Some of us have spent a lot of time puzzling over the question “What is a Higher Power?”
Sometimes we hear that it is, “Something.” Sometimes, the answer is that it is,”Somebody.” Sometimes the answer is “Anything that keeps me from drinking.” Many have said, “it” is a light bulb, a radiator, a chair, the Big Dipper, a rock, “Her,” a tree, the Big Dipper, Ralph, a rainbow, or “nothing at all.” I have personally read, heard, and recorded all of these strange characterizations. One compilation is in my book, God and Alcoholism. But whatever we hear, such answers have sounded pretty screwy to some of us. And they certainly are.
However, the more the answers, the more the questions because those light bulb and Big Dipper phrases don’t answer questions. They still keep raising the point that if so many are talking about an “higher power,” it must at least have some root, and at some point in time it must have meant something. So, “What is it?”
Historically, the “higher power” phrase comes from New Thought writers like Ralph Waldo Trine, William James, and Emmet Fox. And I have listed the places where you can find the phrase in those and other pre-A.A. writings.
But what is it?
Let me tell you how three old timers approached the answer by defining what a “Higher Power” isn’t:
One old timer – the oldest and who died only recently – was my friend Jim H. from Maryland. He lived to 100 years old and got sober just about the same time that Bill Wilson did. In fact, Jim knew of Rev. Sam Shoemaker and met Bill Wilson at early Oxford Group meetings. In his nineties, Jim became associated with the phrase “back to basics.” Prior to that, he had come to know me, and he endorsed a number of my books. Jim’s answer to the “higher power” nonsense involved s a “takeaway” approach. He said to me and wrote: “If you take God out of the program, you have nothing.” And that powerful observation still holds good for most of us.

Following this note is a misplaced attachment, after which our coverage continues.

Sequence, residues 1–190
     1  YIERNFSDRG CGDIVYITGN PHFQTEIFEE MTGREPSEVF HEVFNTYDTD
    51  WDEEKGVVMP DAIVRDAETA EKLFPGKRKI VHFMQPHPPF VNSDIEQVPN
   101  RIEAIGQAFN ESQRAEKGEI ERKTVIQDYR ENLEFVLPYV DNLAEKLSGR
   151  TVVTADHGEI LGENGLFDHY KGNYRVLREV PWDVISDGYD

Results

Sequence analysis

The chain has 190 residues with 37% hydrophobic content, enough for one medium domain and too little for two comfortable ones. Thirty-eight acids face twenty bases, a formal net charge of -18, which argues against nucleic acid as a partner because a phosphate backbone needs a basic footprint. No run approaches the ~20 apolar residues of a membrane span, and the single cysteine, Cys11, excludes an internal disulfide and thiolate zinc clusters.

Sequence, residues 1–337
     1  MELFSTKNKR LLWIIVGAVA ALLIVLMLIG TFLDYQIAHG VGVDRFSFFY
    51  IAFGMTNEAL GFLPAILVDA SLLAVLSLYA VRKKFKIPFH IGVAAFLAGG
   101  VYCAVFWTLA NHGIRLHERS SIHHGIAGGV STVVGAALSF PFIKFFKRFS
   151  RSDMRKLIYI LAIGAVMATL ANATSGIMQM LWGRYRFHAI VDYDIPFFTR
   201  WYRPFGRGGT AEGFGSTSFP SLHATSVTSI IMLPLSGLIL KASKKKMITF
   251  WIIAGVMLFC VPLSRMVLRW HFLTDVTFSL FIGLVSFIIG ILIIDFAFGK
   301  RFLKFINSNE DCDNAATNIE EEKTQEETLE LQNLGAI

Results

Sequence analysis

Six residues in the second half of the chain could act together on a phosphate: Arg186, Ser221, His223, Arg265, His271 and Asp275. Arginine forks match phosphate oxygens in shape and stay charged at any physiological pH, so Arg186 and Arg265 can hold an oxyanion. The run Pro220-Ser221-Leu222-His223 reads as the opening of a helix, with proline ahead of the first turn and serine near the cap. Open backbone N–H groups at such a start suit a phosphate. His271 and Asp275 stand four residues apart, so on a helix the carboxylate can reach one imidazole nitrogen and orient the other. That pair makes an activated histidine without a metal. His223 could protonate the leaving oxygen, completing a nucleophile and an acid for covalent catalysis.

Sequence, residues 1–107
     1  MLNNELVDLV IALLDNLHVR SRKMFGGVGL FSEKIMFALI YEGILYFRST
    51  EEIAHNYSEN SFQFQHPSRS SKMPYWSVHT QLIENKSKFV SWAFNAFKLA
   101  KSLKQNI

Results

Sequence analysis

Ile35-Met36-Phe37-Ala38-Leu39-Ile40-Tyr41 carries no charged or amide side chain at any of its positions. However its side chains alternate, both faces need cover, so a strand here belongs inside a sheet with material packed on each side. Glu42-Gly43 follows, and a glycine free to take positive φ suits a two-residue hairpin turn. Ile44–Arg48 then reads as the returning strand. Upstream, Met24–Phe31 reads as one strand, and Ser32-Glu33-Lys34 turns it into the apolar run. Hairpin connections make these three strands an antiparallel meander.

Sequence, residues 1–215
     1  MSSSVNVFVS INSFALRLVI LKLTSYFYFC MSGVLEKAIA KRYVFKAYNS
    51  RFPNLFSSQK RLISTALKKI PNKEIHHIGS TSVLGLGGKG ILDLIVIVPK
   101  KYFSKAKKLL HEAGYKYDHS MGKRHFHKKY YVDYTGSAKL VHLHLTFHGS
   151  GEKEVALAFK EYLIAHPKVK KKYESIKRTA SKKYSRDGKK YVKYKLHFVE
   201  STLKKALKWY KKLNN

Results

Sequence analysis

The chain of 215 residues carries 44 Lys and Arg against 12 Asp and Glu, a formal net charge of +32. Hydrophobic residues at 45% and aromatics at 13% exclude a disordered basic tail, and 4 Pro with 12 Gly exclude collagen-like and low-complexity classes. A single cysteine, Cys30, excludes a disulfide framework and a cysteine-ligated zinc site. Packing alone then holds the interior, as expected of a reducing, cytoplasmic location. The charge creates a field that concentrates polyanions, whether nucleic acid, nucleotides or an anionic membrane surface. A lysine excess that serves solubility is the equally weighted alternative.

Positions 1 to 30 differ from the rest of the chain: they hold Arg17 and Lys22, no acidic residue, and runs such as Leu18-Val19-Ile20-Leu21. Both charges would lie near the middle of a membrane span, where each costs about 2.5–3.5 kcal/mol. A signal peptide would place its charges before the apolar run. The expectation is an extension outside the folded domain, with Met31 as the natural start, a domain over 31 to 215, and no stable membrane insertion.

Another old timer – the retired archivist at Dr. Bob’s home – is my friend Ray G. Ray takes a large collection of A.A. history materials around the U.S., conducts workshops at conferences, and tells it like it was. Ray’s approach to the nonsense phrase was to “identify” his “highest power.” Ray frequently said: “My higher power isn’t conference approved; but his Father is!”
A third – an old timer from Oregon whose name is Gene – phoned me not long ago to say that he was involved in both A.A. and N.A. and was speaking at a world convention of N.A. He said he was interested in our early A.A. history and my research and wanted to bring his higher power back into the program. He said that Jesus was his higher power, and that he knew the early A.A. program was a Christian program. We got to talking about “singleness of purpose,” about the common features of A.A. and N.A., and about the drift of both away from God. At the end of our conversation, we both agreed that today’s crowds in A.A. and N.A. are really not single anything—not just alcoholics, not just addicts, not just believers, not just unbelievers, but in fact not much of either if they just stayed sick and didn’t get into a fellowship and focus on getting well. Gene said that he no longer introduced himself in speeches by saying “I’m Gene, and I am an alcoholic.” Or, “I’m Gene, and I am an addict.” Today he introduces himself as follows: “I’m Gene, and I am a responsible member of the program.”